She continued, “And that they are, because I represent moderation and diversity, and I’m going to come for hurtful, harmful people. If you’re a really shitty person, I’m going to stand up against you, period. And Twitch is endorsing me to do that, so.”

That doesn’t look like her comments were taken out of context. She specifically says Twitch is endorsing her to target people she thinks are “really shitty” people. She also claims that people should be afraid of her because she now has this power to target people.

This line of reasoning doesn’t hold up when Tamburro says it and it doesn’t hold up when FerociouslySteph says it. It’s complete and utter deflection that Twitch, and their parent company Amazon, has empowered her to target people she doesn’t like.

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Even more interesting is that in FerociouslySteph’s most recent comments she claims she will not be targeting individuals or specific incidents, instead she will be making broad, sweeping changes on Twitch’s policies at large. That sounds even worse. Instead of targeting one person for what she deems is “shitty” she’s going to target a large swath of people.

And those people are most likely gamers, because as FerociouslySteph claims, “I think a lot of you gamers are actually white supremacists. Sorry! Just a fact, of how I feel.”

And that’s the other comment that’s been taken out of context according to FerociouslySteph and Tamburro. Interestingly enough Tamburro doesn’t really defend this comment, he just adds what she says before claiming that she thinks “a lot of you gamers are actually white supremacists.”

Before making this comment, she stated, “Yes, cis people are valid. You can be cis! You can be white! Someone thinks I’m super racist against white people, no, I’m just not cool with white supremacy.”

She would then describe a lot of gamers as white supremacists, “I think a lot of you gamers are actually white supremacists. Sorry! Just a fact, of how I feel.”

Tamburro then points to FerociouslySteph’s comments regarding voice chat and dismisses it as a non-issue because Twitch hosts Overwatch League, League of Legends World Championships and others that use voice chat.

However, he does take issue with people labeling her as Twitch staff. And while she isn’t Twitch staff, Twitch is empowering her. In fact, in their post announcing their new members of the Twitch Advisory Council they specifically claim that the council will:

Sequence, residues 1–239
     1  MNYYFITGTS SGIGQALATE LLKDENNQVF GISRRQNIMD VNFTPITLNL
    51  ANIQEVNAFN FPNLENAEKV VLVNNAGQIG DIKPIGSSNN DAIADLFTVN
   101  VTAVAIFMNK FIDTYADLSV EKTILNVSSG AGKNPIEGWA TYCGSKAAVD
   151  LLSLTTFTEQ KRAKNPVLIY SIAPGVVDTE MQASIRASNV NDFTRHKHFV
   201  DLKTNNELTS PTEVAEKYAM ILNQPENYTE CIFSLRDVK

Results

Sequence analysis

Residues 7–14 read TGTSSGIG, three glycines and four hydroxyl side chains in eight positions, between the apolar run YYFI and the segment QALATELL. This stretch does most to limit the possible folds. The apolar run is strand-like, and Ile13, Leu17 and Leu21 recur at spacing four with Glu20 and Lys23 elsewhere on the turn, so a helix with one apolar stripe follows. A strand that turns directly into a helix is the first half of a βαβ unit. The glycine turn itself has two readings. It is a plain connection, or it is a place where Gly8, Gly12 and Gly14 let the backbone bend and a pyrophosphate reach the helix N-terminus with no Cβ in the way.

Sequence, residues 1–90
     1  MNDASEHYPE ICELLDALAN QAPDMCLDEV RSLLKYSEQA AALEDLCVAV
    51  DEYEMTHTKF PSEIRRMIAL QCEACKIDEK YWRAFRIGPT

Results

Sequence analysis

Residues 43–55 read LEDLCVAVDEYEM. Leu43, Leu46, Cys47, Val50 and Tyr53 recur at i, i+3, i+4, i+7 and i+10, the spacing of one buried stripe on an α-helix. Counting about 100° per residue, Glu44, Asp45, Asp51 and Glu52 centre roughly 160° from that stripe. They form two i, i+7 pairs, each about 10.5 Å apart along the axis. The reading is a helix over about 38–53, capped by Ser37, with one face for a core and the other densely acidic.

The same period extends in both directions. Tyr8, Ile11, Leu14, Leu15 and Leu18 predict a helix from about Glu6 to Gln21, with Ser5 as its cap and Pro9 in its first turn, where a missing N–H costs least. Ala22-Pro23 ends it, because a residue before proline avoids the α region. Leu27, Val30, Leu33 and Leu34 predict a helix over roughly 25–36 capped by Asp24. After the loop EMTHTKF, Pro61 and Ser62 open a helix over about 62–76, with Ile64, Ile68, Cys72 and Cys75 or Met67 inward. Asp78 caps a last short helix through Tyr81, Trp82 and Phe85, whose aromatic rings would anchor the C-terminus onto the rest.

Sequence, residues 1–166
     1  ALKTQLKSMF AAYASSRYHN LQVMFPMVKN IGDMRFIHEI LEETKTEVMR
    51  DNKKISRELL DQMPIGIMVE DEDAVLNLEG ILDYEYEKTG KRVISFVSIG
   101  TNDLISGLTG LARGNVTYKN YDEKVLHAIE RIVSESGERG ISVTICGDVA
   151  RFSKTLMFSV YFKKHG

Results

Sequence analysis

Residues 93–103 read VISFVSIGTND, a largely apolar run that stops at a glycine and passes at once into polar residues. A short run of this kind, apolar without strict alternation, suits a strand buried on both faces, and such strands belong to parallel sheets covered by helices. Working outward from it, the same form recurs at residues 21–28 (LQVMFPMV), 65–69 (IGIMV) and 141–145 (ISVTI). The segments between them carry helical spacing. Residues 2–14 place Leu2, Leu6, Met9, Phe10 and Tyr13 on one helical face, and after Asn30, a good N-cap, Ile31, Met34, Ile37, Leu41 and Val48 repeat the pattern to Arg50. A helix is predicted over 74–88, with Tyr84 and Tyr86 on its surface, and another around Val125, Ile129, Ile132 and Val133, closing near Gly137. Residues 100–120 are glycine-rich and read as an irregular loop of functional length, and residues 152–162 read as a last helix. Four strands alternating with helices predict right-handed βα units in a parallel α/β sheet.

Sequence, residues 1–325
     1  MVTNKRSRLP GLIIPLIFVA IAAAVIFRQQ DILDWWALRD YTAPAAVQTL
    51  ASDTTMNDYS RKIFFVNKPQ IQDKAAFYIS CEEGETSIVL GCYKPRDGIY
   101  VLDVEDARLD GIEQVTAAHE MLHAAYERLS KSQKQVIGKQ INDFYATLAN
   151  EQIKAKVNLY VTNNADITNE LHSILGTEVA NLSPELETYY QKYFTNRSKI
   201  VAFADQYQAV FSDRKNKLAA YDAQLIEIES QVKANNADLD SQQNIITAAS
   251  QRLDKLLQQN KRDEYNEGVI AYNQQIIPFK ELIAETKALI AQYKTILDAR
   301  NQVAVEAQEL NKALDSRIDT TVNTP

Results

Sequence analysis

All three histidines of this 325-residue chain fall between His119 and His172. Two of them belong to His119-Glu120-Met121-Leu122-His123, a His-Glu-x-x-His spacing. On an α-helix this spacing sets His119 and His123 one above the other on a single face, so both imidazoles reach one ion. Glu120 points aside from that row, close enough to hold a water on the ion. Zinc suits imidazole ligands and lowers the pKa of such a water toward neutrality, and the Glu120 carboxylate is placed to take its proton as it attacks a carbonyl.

• Draft new policies and policy updates
  • Develop products and features to improve safety and moderation
  • Promote healthy streaming and work-life balance habits
  • Protect the interests of marginalized groups
  • Identify emerging trends that could impact the Twitch experience

That appears to be quite a bit of power.

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Finally, Tamburro concludes, “Many of those criticizing FerociouslySteph are doing so due to the misinformation being circulated around her comments, but plenty of the backlash is rooted in transphobia.”

Except as has been outlined above. The misinformation that Tamburro claims is nonexistent. Her comments aren’t taken out of context. And if her comments aren’t taken out of context, they have to have another shield to hide behind.

Tamburro claims its transphobia. FerociouslySteph hasn’t stated that yet, but she does say she’s being harassed. However, that “harassment” is more than likely a reaction to her own comments calling gamers “white supremacists” and threatening to target them with her newfound power granted to her by Twitch.

Don’t let these statements and the lackeys in the media deflect from the truth that Twitch is empowering a person who has expressed disdain for gamers and dare I say hate for them.

  • About The Author

    John F. Trent
    Founder and Editor-in-Chief

    John is the Editor-in-Chief here at Bounding Into Comics. He is a massive Washington Capitals fan, lover of history, and likes to dabble in economics and philosophy.